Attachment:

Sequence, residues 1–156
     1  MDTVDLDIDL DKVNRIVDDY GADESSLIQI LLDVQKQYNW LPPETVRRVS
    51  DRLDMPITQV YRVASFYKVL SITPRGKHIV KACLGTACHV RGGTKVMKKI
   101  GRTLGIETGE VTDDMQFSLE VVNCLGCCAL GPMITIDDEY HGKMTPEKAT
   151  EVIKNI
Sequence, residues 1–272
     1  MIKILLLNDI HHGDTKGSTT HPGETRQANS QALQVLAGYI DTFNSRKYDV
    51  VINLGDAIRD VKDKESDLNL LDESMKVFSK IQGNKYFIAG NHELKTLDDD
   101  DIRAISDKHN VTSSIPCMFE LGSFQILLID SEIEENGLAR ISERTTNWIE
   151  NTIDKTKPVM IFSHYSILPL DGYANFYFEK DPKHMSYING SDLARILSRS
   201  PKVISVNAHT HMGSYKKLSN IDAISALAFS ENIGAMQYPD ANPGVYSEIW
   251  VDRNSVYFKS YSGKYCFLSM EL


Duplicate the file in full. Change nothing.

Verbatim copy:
Sequence, residues 1–156
     1  MDTVDLDIDL DKVNRIVDDY GADESSLIQI LLDVQKQYNW LPPETVRRVS
    51  DRLDMPITQV YRVASFYKVL SITPRGKHIV KACLGTACHV RGGTKVMKKI
   101  GRTLGIETGE VTDDMQFSLE VVNCLGCCAL GPMITIDDEY HGKMTPEKAT
   151  EVIKNI
Sequence, residues 1–272
     1  MIKILLLNDI HHGDTKGSTT HPGETRQANS QALQVLAGYI DTFNSRKYDV
    51  VINLGDAIRD VKDKESDLNL LDESMKVFSK IQGNKYFIAG NHELKTLDDD
   101  DIRAISDKHN VTSSIPCMFE LGSFQILLID SEIEENGLAR ISERTTNWIE
   151  NTIDKTKPVM IFSHYSILPL DGYANFYFEK DPKHMSYING SDLARILSRS
   201  PKVISVNAHT HMGSYKKLSN IDAISALAFS ENIGAMQYPD ANPGVYSEIW
   251  VDRNSVYFKS YSGKYCFLSM EL